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Life begins small, then grows…
There are so many wonderful things about life, both in good times and in times of struggle. Through the eyes of the world’s animals—including elephants, monkeys, whales, and more—Cynthia Rylant offers a moving meditation on finding beauty around us every day and finding strength in adversity. Brendan Wenzel’s stunning landscapes and engaging creatures make this an inspiring and intriguing gift for readers of all ages.
Brendan Wenzel’s artwork often explores the natural world and our relationship to it and he has teamed up with many groups working to preserve wild places and creatures around the world. He has illustrated several acclaimed animal-themed picture books, including Some Bugs and Some Pets by Angela DiTerlizzi, Beastly Babies by Ellen Jackson, and his own They All Saw a Cat. He lives in New York.
— Publishers Weekly, STARRED REVIEW
Readers are invited to reflect on life with the help of animals.Addressing readers directly, the narrator opens with a modest statement: "Life begins small." See an elephant grow bigger as it walks underneath the fierce sun and gentle moon, through days and nights. Life, it seems, also promises change—and wonders. A hawk soars in the sky, while elsewhere, a camel stands tall in a desert. Sitting on a rock, a turtle relishes the "rain on its back." Each glimpse of an animal in the natural world elicits a small jolt of joy thanks in part to Caldecott honoree Wenzel's exquisite illustrations, which render these moments with low-key precision. On one page, dark and soft blues bathe an adult elephant and its smaller companion, both gray beacons in a picture of a nighttime march. On another page, a snake blends in with the smeared greens, yellowed brown, and hints of reds that make up the grass. But even with all these merry images, moments of bleakness can follow. The narrator proposes another fact: "Life is not always easy." A small bird flies alone and vulnerable through a storm, seeming lost before it finally breaks through. Thankfully, Rylant keeps the narratorial voice direct and brief during scenes serene or frightful. Flashes of levity in the illustrations and text (think "grassssssssssss") serve to underscore the creators' trust in readers. A splendid tribute to the world and its splendors, with something to offer audiences of a broad range of ages. (Picture book. 4-adult)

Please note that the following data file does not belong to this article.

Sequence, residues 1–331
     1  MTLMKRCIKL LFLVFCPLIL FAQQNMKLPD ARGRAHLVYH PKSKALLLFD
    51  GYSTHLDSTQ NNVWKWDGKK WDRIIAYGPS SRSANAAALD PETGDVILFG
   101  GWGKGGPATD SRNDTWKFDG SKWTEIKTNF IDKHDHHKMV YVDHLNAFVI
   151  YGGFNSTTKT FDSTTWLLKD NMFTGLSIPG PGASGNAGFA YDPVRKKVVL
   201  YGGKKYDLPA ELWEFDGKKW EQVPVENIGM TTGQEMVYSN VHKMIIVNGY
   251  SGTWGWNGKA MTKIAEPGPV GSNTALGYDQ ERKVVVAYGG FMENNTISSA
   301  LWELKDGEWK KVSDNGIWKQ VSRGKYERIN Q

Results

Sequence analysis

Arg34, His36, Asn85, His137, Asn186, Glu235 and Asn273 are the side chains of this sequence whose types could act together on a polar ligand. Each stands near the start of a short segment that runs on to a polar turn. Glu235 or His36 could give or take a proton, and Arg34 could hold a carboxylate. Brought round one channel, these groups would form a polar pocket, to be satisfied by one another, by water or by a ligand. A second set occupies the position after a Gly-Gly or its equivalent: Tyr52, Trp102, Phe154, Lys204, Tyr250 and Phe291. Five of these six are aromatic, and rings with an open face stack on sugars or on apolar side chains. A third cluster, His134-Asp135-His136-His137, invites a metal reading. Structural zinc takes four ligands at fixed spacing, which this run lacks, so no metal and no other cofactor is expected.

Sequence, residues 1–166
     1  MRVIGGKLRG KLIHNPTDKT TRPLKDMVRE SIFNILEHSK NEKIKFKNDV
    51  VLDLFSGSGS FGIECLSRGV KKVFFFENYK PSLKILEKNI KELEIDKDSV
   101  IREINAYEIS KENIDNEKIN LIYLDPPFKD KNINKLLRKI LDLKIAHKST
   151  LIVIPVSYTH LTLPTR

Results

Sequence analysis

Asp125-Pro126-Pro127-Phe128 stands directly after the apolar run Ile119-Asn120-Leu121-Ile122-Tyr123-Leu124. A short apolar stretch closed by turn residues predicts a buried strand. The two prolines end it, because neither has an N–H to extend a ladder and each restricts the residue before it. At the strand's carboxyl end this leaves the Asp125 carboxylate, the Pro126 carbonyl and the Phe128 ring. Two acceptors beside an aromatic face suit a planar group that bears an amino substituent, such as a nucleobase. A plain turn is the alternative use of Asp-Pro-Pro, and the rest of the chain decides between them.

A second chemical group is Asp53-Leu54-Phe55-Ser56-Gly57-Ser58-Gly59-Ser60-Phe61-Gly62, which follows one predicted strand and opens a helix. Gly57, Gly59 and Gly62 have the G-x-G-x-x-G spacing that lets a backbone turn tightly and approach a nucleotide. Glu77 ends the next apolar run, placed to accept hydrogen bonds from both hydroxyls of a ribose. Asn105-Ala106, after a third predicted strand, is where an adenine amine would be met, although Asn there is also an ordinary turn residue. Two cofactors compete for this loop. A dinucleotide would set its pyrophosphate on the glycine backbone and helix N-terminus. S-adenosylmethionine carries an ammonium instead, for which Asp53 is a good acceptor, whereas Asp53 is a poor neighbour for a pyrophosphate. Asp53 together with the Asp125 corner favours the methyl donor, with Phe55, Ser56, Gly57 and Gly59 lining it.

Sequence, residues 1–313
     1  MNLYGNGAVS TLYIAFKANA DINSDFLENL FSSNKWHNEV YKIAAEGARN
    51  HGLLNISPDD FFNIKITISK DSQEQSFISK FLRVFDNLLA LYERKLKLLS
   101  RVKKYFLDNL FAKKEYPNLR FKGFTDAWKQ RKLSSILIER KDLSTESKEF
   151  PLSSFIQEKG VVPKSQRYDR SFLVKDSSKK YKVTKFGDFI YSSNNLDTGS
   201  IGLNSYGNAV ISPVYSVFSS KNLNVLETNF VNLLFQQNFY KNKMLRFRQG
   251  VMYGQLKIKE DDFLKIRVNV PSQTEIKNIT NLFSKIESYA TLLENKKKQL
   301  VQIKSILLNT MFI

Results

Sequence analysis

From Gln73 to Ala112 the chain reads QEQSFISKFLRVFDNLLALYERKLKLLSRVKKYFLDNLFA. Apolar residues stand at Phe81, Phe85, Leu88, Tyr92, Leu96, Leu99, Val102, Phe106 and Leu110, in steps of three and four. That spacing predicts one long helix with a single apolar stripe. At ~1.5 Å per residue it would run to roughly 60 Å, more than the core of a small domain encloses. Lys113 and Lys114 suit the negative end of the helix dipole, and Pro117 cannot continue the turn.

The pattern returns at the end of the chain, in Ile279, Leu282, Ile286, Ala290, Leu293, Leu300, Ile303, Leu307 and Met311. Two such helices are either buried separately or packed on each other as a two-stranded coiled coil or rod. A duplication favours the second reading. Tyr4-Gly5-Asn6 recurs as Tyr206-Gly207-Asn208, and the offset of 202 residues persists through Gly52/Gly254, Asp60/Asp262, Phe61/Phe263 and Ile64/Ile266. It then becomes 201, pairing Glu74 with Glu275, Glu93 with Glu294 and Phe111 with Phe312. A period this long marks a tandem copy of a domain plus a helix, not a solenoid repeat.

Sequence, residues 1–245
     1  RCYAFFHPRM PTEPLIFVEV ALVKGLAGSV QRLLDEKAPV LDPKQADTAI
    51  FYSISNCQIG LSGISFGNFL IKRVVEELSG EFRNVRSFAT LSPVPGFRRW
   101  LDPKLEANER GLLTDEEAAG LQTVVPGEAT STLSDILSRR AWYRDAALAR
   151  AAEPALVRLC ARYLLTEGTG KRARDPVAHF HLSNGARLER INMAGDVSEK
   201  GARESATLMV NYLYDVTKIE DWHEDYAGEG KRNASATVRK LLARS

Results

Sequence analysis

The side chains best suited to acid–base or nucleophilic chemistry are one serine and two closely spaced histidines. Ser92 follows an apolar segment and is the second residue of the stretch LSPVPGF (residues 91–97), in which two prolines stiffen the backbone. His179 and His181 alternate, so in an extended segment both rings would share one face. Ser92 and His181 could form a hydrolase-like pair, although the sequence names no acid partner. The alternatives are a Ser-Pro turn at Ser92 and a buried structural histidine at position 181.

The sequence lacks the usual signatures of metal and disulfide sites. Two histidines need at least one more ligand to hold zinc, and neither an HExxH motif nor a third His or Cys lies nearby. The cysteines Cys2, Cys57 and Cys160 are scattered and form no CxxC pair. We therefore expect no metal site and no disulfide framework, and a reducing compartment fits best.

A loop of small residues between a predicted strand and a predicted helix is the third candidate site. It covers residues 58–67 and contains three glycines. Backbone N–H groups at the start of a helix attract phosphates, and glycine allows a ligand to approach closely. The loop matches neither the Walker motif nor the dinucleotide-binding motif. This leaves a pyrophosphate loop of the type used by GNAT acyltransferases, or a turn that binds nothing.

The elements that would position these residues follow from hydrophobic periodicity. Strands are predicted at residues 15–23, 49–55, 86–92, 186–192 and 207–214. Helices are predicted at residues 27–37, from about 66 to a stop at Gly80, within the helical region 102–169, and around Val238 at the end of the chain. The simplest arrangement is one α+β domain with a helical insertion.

— Kirkus Reviews
Veteran author Rylant tackles a subject both as tiny as a leaf and as huge as the cosmos, as various animals are born and work their way through the beautiful, though sometimes scary, world. Most heartening here is the message that when things seem tough, there is always something to love, something to protect, and a reason to arise each morning, if only to find out what happens next. Rylant’s poetic text is as spare as Wenzel’s artwork is effusive. Occasionally, his nature scenes bring to mind the work of Henri Rousseau, but there is also humor, courtesy of the animals’ faces. Both text and art have disjointed moments—asking what the animals love about their lives takes away some of the grandeur, as does the one-and-done appearance of house pets amidst depictions of the natural world. But more important, this book gives a shining overview of life’s peaks and valleys and conveys the importance of understanding that a curve in the road only starts a journey anew.
A spiritual yet not overtly religious epistle on hope and the many reasons to embrace life. It opens with the notion that “life begins small.” Wenzel shows a seedling surrounded by mountains. The next spread declares: “Even for the elephants. Then it grows.” A calf is seen looking up to the enormous adults in its herd. Several animals discuss what they love about life, and as the author acknowledges that “life is not always easy,” readers observe a bluebird flying through a storm. They are asked to remember that there is always “something to love…and to protect.” The narrative continues in this vein, promising that “it is worth waking up in the morning to see what might happen.” The mood of the child-friendly illustrations shifts appropriately from the darkness of the wilderness to the vitality of life seen in a flock of birds crossing the moon. The illustrator infuses the book with humor where possible, such as in the expression of a floppy-eared, stick-bearing dog or a camel kicking up sand across a spread...Wenzel’s exuberant paintings...are quite engaging and convey a deep appreciation for the wonders of the natural world.
— School Library Journal